Sony, still reeling from a recent hack to their system, continues to feel the pain resulting from a breach that has cost them millions and compromised the personal security and information for many who’ve worked with them. The most recent person to suffer the weight of the infraction is producer Scott Rudin, whose private email conversations with leaders at Sony Pictures entertainment were made public.
Maria Puente writes that among the topics discovered in the email conversations between Rudin and Sony Pictures entertainment chief Amy Pascal, are Rudin describing Angelina Jolie as a “spoiled brat” and making racially insensitive comments about President Obama’s taste in movies. In response to the embarrassing disclosure, Puente reports that “Rudin acknowledged that the statements were insensitive and thoughtless and offered regret and apologies to those he had offended.”
The article containing more about what was found in the email discussion and apology highlights from both Rudin and Pascal can be found here.
Accuracy is among the top tenets of Journalism. Writers, editors, anyone associated with a published piece hates for any part of it to be wrong… sometimes to a fault. If you browse the “corrections” section of most newspapers, when there is an error highlighted, most papers will try to explain why that mistake was made; this can often seem like a classic non-apology. In the case of Rolling Stone magazine’s inaccurate reporting on a topic as heavy as rape on a college campus, doing so sparked a fire of backlash from readers.
As explained by Elizabeth S. Mitchell of PRNewser regarding the magazine’s apology/explanation: “This ‘apology’ didn’t sit well with many readers, as it seemed, rather than taking responsibility for its own failure to fact-check, the magazine was effectively placing the blame squarely on the shoulders of a possible trauma victim. The backlash was swift, and many took to Twitter, using the hashtag #IStandWithJackie to call out the magazine, pointing out that trauma victims often misremember details, and that this didn’t necessarily mean her story was fundamentally untrue.”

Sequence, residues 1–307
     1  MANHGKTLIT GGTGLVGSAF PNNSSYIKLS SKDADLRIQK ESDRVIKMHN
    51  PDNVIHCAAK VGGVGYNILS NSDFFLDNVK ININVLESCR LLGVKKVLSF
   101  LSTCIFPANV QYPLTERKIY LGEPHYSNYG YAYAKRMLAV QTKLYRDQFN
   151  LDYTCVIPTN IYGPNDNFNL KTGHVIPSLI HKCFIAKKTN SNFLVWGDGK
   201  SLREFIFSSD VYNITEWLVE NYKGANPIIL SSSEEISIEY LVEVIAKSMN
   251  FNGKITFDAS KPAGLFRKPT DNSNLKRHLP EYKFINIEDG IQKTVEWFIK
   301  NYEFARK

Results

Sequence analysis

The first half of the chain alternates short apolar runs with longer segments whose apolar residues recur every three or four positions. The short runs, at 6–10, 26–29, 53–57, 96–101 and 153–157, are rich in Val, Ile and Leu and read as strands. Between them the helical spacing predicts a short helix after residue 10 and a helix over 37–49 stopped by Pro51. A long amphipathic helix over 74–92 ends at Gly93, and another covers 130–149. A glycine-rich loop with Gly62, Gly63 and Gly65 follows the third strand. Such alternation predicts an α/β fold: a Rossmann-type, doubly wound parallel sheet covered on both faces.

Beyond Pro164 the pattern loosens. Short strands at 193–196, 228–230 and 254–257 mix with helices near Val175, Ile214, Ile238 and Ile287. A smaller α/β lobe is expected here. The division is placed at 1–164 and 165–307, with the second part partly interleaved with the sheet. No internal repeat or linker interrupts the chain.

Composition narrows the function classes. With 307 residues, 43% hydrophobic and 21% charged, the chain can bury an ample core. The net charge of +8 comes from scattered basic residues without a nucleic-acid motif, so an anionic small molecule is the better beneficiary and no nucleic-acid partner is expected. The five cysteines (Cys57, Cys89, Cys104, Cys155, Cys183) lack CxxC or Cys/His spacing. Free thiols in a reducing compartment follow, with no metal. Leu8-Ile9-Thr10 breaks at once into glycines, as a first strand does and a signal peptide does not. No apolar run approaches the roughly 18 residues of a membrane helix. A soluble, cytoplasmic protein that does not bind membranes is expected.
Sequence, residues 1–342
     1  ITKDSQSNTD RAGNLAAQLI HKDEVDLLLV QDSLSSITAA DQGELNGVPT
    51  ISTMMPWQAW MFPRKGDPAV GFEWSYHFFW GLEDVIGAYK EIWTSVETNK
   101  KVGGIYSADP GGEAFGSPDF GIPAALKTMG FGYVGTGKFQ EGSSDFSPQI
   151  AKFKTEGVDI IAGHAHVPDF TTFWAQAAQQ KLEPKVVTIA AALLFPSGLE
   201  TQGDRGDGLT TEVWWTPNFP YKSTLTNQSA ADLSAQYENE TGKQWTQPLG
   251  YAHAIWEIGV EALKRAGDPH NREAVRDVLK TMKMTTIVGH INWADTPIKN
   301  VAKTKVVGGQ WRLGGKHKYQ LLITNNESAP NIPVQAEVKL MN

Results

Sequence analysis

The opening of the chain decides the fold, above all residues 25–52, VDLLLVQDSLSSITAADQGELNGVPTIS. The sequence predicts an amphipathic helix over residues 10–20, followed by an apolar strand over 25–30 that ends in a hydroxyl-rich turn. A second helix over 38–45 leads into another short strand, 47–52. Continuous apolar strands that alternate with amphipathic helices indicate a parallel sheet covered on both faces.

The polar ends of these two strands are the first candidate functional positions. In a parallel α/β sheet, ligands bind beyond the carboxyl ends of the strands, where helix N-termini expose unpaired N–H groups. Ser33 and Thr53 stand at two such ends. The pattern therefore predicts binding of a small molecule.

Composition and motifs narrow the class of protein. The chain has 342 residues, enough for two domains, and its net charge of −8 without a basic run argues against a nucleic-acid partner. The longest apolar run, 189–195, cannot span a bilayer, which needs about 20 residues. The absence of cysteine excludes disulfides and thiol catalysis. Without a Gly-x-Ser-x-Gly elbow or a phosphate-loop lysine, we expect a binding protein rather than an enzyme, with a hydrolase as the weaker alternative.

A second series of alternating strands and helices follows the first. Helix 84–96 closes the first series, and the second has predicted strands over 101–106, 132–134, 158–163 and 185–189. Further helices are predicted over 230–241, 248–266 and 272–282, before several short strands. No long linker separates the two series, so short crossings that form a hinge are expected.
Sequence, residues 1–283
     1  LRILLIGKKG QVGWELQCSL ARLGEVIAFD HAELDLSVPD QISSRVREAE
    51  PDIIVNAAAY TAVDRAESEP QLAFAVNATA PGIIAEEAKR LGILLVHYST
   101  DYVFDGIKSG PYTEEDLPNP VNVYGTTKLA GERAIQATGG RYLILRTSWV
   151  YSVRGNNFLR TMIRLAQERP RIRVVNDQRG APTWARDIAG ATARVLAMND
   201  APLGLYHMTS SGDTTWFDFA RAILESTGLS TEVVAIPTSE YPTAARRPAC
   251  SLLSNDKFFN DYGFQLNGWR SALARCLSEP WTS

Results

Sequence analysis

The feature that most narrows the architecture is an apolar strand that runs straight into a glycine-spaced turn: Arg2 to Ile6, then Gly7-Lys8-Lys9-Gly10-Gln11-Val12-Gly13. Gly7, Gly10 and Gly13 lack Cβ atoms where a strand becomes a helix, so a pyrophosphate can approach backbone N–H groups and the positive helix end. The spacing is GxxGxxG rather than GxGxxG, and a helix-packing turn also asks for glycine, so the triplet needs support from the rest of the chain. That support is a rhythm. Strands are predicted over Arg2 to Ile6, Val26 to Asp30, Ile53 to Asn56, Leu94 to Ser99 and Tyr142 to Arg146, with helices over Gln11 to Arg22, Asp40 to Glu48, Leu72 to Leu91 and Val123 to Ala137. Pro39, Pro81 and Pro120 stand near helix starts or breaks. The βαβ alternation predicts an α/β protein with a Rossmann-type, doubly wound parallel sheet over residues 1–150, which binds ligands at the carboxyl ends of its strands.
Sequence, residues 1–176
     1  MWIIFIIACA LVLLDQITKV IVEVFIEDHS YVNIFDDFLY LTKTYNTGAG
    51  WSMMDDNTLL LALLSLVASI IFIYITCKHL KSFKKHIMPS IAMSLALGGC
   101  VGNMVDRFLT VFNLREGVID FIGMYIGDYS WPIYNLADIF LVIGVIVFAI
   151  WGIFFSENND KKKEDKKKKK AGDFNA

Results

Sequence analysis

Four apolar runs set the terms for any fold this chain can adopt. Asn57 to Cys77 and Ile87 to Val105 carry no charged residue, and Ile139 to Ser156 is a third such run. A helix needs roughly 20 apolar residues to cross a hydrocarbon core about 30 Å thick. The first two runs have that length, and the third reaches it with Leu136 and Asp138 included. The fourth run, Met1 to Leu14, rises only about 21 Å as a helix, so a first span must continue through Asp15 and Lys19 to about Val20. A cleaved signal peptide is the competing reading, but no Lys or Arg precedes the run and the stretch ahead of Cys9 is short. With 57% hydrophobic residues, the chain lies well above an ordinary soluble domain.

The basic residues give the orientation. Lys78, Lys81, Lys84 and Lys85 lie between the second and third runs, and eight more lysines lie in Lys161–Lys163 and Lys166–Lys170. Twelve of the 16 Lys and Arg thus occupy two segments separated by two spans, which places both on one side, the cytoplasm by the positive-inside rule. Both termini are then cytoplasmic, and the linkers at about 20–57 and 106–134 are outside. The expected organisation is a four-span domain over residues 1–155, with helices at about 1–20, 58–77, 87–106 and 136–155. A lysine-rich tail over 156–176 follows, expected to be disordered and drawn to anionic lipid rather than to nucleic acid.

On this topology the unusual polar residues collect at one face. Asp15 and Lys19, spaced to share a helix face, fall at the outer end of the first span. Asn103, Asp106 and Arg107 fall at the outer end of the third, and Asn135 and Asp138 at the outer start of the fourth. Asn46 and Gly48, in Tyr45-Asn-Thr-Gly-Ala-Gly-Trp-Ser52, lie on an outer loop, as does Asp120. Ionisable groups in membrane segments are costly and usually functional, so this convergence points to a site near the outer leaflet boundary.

The magazine retracted their first apology and posted a second. You can find both at the site.
You may have heard the story of attorney/Harvard Business School professor who was overcharged $4 on his Chinese food order and reacted like any sane person would… by writing a pretty epic legal meltdown regarding repayment.
While this could quickly have turned into a “why your small business needs PR” case study about the Chinese restaurant, the abrasive, arrogant and threatening tone taken by Professor Ben Edelman left him as the villain in story. Among other things, Edelman requested a refund of three times the amount of the overpayment.
According to the Washington Post piece: “After the Boston.com story was published, embarrassed Harvard Business School students set up a fundraising page for the Greater Boston Food Bank, noting that ‘negative stereotypes of Harvard and HBS were reinforced’ by Edelman’s e-mails.”
In the end, Edelman saw the errors in his ways and posted an apology on his company page which partially states: “Having reflected on my interaction with Ran, including what I said and how I said it, it’s clear that I was very much out of line. I aspire to act with great respect and humility in dealing with others, no matter what the situation. Clearly I failed to do so. I am sorry, and I intend to do better in the future.”
More about the restaurant owner’s reaction can be found in the article by Elahe Izadi.
Laurent Lawrence is the associate director of public relations for the Public Relations Society of America